The eccentric and purposeful Lady Lavinia Truelove enters her stables early in the morning, unseen by her peers, where she plans to subdue and ride the erratic, untamable Lucifer. She’ll show her husband that she’s a horsewoman to be reckoned with, as well as two sights higher than the woman she thinks may be capturing her husband’s eye.
Moments later, she is dead, neck broken, lying under the horse’s massive hooves. Horrified stable boys rush to sound the alarm.
So begins Enter Pale Death, a 12th installment in Brit author Barbara Cleverly’s Joe Sandilands crime series set in the era between the momentous World Wars. The Scotland Yard assistant commissioner is flummoxed by a death that is surely one of “misadventure” (the stable boys are scarified witnesses), yet seems to have been death by intent, as it becomes apparent that several people stand to benefit from the lady’s sudden demise—husband James included.
Sandilands travels from London to the scene of the crime deep in rural Suffolk on the North Sea coast and makes the acquaintance of Adam Hunnyton, local police chief and character extraordinaire, who wants to use Sandilands’ eyes for a second look at the crime—and various Truelove family members. Sandilands soon discovers that Dorcas, the woman he hopes to marry, was a guest at the Truelove estate on the eve of Lavinia’s death, and to complicate matters, Dorcas is the very woman that James Truelove may have his eye on.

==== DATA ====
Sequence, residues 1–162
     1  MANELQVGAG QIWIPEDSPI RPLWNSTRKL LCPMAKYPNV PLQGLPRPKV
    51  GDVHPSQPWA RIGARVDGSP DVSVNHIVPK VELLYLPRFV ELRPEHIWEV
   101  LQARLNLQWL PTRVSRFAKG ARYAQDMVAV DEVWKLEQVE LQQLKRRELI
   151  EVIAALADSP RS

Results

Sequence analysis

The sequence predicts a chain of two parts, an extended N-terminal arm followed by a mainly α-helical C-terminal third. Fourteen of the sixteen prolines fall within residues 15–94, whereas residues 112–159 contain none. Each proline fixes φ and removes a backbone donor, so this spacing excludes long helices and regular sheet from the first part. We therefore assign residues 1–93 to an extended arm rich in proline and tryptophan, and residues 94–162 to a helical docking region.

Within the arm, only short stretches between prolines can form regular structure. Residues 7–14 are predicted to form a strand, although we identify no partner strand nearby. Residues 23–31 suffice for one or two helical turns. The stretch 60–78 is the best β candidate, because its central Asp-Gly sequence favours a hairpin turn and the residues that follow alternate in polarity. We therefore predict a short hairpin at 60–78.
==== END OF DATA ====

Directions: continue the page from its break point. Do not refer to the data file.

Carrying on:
Cleverly delivers a witty, atmospheric and well-conceived slice of British crime, an old-fashioned country brew that includes a wood haunted by the Wild Green Man of Britain’s pagan past and a treasure trove of equine lore that traces back to an ancient brotherhood of horsemen. One entrancing and colorful encounter takes place in a field as the urbanized Sandilands encounters a herd of prancing, curious horses, and his store of equine knowledge stands him in excellent stead.
At times Cleverly can be a bit too nonchalant and chatty, detracting from the story’s atmosphere, but her marvelous descriptions of country lore and an evocative Suffolk countryside setting provide a taste of all things British and may send curious readers scurrying to the library to learn more about the ancient traditions in this most ancient of lands.